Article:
[FN56]. G. W. Holden, Introduction: The Development of Research into Another Consequence of Family Violence, CHILDREN EXPOSED TO MARITAL VIOLENCE, 1, 10 (G. W. Holden, R. Geffner, & E. N. Jouriles, eds., 1998).
[FN57]. P. G. Jaffe and R. Geffner, Child Custody Disputes and Domestic Violence: Critical Issues for Mental Health, Social Service, and Legal Professionals, CHILDREN EXPOSED TO MARITAL VIOLENCE, 371, 374 (G. W. Holden, R. Geffner, & E. N. Jouriles, eds., 1998): "Although many parents within violent families think that they have protected their children from the violence, between 80% and 90% of children indicate the opposite.... At the extreme, when women are murdered by their husbands, children are present in approximately 25% of the cases."
[FN58]. These problems include attention deficit disorder; externalizing problems such as aggression, anger, conduct disorder, cruelty to animals, destructiveness, oppositional behavior and noncompliance, and drug and alcohol use; internalizing problems such as anxiety, depression, excessive clinging, fears, shyness, low self esteem, passivity and withdrawal, self blame, sadness, and suicidal tendencies; symptoms of post traumatic stress disorder such as flashbacks, nightmares, anxiety and hypervigilance, sleep disturbances, numbing of affect, and guilt; separation anxiety; social behavior and competence problems such as poor problem solving skills, low empathy, deficits in social skills, acceptance, and perpetration of violence in relationships; school problems such as poor academic performance, poor conduct, and truancy; somatic problems such as headaches, bedwetting, insomnia, and ulcers; and obsessive compulsive disorder and other assorted temperamental difficulties. This list is drawn from O. W. Barnett, C. L. Miller Perrin, and R. D. Perrin FAMILY VIOLENCE ACROSS THE LIFESPAN, 141 42 (Sage, Thousand Oaks, CA, 1997). It seems that younger children are more likely to exhibit somatic complaints and experience greater distress, while older children are more likely to experience one or more specific externalizing or internalizing problems. Whether and how a child's gender affects his or her response to parental violence is not yet clear, despite some intriguing preliminary studies. George Holden, Introduction: The Development of Research into Another Consequence of Family Violence, CHILDREN EXPOSED TO MARITAL VIOLENCE 7 9 (G. W. Holden, R. Geffner, & E. N. Jouriles, eds., 1998).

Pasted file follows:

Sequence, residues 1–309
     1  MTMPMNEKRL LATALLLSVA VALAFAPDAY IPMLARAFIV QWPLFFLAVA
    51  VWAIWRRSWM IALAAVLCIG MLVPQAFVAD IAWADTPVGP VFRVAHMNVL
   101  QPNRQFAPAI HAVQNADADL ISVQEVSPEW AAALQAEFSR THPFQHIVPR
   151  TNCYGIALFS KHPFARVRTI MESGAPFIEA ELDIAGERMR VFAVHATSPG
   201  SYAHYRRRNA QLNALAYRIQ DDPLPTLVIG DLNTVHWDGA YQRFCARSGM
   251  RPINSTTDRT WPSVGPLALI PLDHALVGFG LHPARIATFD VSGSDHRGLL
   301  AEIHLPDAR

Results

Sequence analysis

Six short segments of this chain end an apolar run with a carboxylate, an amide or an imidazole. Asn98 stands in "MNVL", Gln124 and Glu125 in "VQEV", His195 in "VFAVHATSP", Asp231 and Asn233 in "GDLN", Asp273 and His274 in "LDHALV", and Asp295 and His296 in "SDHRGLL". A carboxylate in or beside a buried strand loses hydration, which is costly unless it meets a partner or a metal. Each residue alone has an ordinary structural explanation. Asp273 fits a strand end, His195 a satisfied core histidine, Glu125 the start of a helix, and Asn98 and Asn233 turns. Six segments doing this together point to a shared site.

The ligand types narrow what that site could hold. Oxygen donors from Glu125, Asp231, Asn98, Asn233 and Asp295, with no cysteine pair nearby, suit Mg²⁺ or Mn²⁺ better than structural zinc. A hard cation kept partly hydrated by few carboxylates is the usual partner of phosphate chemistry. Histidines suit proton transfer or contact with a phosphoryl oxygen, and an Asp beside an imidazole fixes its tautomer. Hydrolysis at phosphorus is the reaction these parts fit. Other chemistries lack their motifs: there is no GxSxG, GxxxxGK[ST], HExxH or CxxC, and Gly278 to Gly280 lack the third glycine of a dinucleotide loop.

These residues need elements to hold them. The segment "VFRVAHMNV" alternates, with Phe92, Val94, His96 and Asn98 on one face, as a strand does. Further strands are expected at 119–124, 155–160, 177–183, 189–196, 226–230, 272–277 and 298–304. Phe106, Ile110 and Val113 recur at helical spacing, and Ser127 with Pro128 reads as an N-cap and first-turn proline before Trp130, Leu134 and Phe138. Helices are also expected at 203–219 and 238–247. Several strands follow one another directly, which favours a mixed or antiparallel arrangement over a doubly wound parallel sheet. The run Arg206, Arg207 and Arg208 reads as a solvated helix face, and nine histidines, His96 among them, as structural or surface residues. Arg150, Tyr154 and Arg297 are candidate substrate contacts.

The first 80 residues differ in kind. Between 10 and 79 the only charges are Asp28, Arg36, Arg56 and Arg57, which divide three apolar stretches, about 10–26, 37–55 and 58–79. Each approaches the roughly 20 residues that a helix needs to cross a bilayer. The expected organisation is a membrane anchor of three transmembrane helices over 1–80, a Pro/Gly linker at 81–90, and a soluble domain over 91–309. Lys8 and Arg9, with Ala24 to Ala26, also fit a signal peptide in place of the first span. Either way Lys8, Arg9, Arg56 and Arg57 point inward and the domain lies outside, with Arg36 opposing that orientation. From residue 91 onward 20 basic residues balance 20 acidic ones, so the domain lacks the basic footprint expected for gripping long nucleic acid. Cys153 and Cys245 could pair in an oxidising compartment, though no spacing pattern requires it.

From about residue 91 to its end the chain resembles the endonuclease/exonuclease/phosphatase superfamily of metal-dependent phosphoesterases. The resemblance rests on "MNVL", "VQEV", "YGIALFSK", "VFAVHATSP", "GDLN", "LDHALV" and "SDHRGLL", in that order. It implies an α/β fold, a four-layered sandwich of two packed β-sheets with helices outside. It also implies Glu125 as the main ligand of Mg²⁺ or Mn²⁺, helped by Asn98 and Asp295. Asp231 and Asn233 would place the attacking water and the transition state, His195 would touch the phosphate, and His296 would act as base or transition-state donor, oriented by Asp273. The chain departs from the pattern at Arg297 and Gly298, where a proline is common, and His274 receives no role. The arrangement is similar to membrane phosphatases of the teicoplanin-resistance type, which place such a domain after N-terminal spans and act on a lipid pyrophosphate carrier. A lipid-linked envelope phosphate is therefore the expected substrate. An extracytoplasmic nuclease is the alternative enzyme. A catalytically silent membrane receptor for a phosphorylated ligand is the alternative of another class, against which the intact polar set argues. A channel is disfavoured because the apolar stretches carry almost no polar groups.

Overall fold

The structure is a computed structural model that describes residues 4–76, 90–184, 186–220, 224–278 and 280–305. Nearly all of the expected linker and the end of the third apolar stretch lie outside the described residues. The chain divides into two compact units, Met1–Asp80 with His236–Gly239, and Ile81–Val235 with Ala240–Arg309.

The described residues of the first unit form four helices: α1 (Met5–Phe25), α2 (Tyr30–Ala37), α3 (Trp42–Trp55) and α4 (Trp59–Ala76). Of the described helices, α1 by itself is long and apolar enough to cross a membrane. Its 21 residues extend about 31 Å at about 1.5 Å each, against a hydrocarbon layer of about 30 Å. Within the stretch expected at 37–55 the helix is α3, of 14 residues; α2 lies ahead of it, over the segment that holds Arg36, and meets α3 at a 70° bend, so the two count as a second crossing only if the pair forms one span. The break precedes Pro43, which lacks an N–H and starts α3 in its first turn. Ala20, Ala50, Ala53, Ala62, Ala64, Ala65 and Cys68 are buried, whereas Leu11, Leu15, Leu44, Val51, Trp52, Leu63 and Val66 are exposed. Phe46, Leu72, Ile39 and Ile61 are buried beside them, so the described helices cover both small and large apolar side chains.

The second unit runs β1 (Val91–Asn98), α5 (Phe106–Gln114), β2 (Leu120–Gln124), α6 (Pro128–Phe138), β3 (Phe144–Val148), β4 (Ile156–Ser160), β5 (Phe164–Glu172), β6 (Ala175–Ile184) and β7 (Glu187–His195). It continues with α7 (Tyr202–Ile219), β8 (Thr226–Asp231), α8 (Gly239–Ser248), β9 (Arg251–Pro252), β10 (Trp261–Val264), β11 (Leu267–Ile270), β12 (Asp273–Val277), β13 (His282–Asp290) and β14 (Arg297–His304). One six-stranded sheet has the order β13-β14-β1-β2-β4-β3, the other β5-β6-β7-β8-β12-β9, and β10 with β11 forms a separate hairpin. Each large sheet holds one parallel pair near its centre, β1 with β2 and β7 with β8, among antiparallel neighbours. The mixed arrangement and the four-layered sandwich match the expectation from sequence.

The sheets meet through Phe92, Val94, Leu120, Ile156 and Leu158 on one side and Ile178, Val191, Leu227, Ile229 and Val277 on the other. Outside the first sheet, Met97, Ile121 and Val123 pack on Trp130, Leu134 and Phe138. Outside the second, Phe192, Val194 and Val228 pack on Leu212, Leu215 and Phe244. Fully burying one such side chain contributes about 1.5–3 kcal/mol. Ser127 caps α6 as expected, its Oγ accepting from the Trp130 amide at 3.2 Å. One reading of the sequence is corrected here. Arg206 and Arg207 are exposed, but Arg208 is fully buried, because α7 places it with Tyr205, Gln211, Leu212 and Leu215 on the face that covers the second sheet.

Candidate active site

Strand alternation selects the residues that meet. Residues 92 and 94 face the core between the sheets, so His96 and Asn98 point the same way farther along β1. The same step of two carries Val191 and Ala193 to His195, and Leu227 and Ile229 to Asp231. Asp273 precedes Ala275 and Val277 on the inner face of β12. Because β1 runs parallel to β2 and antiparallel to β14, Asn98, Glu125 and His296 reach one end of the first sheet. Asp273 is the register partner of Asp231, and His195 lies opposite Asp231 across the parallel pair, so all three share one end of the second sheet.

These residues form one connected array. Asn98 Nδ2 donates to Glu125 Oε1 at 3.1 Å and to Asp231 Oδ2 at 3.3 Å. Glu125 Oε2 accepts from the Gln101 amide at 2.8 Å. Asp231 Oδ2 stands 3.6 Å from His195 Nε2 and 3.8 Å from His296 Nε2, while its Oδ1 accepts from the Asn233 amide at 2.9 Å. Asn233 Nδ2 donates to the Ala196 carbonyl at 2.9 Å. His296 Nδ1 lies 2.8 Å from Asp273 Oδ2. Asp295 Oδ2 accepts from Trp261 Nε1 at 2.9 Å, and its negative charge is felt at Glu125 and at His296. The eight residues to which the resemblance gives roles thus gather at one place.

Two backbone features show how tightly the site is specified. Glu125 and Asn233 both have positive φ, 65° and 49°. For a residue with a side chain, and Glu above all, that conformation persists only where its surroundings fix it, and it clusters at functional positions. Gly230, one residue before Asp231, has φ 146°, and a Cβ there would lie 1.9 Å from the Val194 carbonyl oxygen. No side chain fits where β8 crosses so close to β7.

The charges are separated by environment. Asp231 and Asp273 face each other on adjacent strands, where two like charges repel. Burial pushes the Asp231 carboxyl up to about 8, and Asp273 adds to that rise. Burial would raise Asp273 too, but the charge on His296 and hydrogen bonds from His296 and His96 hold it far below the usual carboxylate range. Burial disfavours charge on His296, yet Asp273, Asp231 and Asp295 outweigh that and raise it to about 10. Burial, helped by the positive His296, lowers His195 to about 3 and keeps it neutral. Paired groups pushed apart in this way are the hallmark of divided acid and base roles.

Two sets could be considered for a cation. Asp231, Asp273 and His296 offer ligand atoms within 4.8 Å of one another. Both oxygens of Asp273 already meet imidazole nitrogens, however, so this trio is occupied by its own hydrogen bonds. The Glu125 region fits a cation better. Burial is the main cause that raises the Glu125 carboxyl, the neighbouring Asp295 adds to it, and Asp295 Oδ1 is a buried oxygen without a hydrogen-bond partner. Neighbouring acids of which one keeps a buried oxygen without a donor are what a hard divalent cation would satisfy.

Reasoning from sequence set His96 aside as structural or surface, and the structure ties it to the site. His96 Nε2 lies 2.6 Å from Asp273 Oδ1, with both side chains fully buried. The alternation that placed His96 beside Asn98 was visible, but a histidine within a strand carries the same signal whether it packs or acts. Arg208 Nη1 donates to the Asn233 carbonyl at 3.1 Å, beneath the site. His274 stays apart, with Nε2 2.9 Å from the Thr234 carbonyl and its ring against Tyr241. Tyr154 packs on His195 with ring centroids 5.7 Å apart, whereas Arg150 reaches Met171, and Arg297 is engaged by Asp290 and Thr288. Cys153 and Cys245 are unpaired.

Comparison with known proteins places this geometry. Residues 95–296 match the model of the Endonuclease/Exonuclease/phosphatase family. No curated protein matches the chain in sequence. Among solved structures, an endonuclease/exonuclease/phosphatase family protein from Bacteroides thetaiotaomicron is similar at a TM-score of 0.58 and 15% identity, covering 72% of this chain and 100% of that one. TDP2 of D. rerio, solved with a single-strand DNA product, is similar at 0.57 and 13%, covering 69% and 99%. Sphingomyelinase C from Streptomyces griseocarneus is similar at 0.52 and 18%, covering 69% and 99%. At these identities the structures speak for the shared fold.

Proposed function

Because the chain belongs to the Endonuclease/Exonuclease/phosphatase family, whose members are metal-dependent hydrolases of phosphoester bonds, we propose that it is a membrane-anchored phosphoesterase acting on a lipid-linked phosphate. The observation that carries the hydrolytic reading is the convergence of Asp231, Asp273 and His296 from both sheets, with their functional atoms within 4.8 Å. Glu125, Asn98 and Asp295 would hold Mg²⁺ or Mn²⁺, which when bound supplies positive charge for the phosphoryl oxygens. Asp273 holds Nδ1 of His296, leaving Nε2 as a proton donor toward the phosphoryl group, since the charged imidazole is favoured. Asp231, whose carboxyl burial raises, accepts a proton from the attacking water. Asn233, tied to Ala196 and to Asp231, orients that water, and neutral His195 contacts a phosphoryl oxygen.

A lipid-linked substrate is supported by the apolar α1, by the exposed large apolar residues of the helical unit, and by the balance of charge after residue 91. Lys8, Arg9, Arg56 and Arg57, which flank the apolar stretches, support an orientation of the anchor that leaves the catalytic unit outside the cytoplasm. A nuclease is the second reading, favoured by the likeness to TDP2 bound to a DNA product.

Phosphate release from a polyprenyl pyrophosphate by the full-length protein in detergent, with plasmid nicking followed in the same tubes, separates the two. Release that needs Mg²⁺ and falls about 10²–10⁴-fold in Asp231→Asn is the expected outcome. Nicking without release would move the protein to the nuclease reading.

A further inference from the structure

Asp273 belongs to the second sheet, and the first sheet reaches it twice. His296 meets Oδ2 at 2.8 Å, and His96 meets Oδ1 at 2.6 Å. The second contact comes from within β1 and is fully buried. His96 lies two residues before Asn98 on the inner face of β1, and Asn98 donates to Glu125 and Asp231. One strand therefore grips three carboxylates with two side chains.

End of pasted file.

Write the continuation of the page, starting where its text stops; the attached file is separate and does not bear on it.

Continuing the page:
[FN59]. The Family Violence Project of the National Council of Juvenile and Family Court Judges, Family Violence in Child Custody Statutes: An Analysis of State Codes and Legal Practice, 29 FAM. L.Q. 197, 220 (1995).
[FN60]. Preliminary Report of the Guardian ad Litem Assessment Project, Massachusetts Chapter of the National Association of Social Workers' Committee on Domestic Violence and Sexual Assault, January 1998.
[FN61]. See, e.g., Supreme Court of Missouri, Standards With Comments for Guardians ad Litem in Missouri Juvenile and Family Law Matters, Standard 16.0.
[FN62]. The Child Witness to Violence Project at Boston Medical Center in Boston, Massachusetts, for example, has been retained as guardian ad litem by Massachusetts probate and family courts in cases involving domestic violence.
[FN63]. See J. Pearson, Mediating When Domestic Violence Is a Factor: Policies and Practices in Court Based Divorce Mediation Programs, 14 MEDIATION QUARTERLY 319, 320 (1997), and sources there cited.
[FN64]. The Massachusetts Supreme Judicial Court took a different position in Custody of Vaughn, 422 Mass. 590, 598 n.10, 664 N.E.2d 434, 439 n.10 (1995):
We would hesitate a long time before suggesting that in cases such as these, not only must both sides produce expert witnesses, but they must be experts in family violence. A qualified clinical psychologist with experience in family matters will ... have encountered this issue in his training and, unfortunately, all too frequently in his clinical practice.
The two studies referenced above in notes 59 and 60, however, suggest that encountering the issue does not necessarily translate into competence in assessing or responding to it and that some level of specific expertise is indeed a requirement for practice in this specialized field.
[FN65]. Beth Daley and Zachary R. Rowdy, T stop attack hurts 4: Rush hour crowd views bloody melee, BOSTON GLOBE, B1, Oct. 20, 1998.
[FN66]. George Tibbets, Wash. Woman Couldn't Escape Husband, Associated Press, Dec. 21, 1998.
[FN67]. See, e.g., "Understanding Abuse After Separation," in Violence and the Family: A Report of the American Psychological Association Presidential Task Force on Violence and the Family, 39 40 (APA, Washington D.C. 1996).